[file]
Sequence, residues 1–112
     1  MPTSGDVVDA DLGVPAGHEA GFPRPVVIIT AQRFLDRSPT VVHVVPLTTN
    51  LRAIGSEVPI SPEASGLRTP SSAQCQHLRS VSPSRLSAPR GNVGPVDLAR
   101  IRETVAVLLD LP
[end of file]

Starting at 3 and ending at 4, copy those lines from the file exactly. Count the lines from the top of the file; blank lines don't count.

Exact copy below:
    51  LRAIGSEVPI SPEASGLRTP SSAQCQHLRS VSPSRLSAPR GNVGPVDLAR
   101  IRETVAVLLD LP